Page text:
You Can Have Healthier Holiday Relationships with Your In-Laws
As this holiday season arrives, perhaps you long for healthy family relationships even more than the perfectly set table and crisply roasted turkey.
Extended-family relationships, especially those with our parents-in-law, often seem fraught with complications and challenges. We want things to go well; we long to honor our in-laws and celebrate the holidays with humor, joy, and intentionality … but every year that issue or that person pops up and things go downhill quickly. Is this sounding familiar? Let's talk about some practical ways to create a healthier holiday for everyone involved.
First make a plan with your spouse. Not with your mom or your siblings—with your husband or wife. Robert Wolgemuth, author of the marriage guide The Most Important Year in a Woman's Life, says, "Parents, without trying, can set you against your spouse … you and your husband need to talk through [your plan]. If you don't, questions can be raised that can turn you against each other." So make some quiet time for you and your husband to outline a plan together and then present it as a united front to both of your families.
Be empathetic. The holidays are full of expectations and hopes that have deep emotional meaning to each individual. Take a minute to imagine that someone you love is telling you that things aren't going to be as you had hoped this Thanksgiving or Christmas. Be empathetic, and give your parents or in-laws a chance to express their feelings. This can root out issues that might fester if not addressed. Wolgemuth suggests using language like "My guess is that this is a very hard thing for you to understand or deal with." This can effectively open the door to an opportunity for sharing.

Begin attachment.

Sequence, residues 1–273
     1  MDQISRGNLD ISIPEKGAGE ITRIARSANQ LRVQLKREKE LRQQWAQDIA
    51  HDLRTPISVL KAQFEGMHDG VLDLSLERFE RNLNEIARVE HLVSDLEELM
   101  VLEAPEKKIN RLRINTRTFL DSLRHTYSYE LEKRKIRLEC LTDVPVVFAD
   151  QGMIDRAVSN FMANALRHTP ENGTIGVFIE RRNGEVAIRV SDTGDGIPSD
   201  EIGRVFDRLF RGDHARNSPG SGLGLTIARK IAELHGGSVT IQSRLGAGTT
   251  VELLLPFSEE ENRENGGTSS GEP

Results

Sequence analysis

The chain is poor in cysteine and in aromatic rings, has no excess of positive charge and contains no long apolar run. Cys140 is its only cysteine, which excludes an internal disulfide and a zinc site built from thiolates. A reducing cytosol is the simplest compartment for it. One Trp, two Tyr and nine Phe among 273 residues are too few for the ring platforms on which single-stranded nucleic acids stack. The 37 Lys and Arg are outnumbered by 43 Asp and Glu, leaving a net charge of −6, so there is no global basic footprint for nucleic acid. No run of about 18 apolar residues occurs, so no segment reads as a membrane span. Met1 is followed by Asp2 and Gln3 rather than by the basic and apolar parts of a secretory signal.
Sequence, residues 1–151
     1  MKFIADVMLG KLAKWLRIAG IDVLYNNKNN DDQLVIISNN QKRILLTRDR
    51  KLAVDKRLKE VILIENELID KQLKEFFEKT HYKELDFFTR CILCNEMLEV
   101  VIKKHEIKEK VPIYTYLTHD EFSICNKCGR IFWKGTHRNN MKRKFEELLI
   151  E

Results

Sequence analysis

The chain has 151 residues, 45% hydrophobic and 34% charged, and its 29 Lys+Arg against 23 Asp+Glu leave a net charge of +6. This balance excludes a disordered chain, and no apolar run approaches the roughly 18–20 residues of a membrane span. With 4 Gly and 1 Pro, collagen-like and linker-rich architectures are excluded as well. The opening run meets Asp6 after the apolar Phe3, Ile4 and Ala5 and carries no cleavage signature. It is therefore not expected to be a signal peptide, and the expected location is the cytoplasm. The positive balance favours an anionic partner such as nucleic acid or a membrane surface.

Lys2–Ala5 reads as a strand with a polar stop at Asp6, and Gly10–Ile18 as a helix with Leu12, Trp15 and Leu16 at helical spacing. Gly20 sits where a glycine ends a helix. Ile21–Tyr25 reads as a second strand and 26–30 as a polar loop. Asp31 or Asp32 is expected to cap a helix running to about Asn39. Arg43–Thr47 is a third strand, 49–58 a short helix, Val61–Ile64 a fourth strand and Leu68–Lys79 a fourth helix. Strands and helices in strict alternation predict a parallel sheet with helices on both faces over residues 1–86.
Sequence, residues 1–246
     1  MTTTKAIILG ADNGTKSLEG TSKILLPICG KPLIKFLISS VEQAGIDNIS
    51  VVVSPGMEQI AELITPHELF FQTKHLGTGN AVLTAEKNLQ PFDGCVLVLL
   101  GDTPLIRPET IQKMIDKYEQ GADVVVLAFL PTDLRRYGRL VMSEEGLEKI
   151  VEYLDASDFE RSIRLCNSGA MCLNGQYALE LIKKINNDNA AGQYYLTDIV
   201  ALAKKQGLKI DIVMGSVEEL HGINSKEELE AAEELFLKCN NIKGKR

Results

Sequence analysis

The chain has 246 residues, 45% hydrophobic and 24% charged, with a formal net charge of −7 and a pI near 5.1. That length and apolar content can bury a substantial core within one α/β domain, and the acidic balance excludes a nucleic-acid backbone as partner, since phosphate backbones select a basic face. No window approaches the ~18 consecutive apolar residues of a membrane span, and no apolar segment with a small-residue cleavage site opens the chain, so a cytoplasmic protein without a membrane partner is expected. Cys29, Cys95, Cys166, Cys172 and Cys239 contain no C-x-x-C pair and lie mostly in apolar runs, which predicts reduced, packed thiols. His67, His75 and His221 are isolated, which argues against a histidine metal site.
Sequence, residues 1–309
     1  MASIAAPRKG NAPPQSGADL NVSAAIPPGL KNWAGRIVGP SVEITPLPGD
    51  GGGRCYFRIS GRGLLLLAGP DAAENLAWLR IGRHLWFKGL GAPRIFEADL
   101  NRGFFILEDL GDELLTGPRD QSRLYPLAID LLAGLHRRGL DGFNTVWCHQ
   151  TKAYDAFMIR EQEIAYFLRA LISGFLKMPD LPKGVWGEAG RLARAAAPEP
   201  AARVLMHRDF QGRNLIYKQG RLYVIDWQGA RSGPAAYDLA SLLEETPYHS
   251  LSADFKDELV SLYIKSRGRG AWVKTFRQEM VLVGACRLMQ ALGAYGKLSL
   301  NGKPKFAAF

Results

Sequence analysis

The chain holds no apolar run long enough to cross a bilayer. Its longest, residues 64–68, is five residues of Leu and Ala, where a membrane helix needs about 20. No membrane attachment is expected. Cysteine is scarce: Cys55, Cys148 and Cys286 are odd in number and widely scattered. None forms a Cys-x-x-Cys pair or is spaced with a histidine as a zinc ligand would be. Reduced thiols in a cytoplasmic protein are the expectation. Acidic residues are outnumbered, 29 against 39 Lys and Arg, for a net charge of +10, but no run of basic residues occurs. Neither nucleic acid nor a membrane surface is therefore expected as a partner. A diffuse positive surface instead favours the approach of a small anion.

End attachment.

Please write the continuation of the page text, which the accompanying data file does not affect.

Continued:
Say it. Wolgemuth suggests, "More often than not, these kinds of things break down based on what is not said, not what is said." Think about that huge tirade that you save up for your spouse as soon as the car door shuts and you're pulling out of the driveway at your in-laws' home. Examine the recurring themes, and prayerfully consider what you might need to address with your in-laws. None of us like conflict, but without conflict and resolution, healthy relationships do not exist!
Deal with it early. November and December are not the times to spring plans or sit down for a "discussion" with your in-laws. Let your in-laws know about your holiday plans in the late summer or very early fall. If you have issues that need to be addressed, make a phone call or write a letter now so you can spend the holidays celebrating.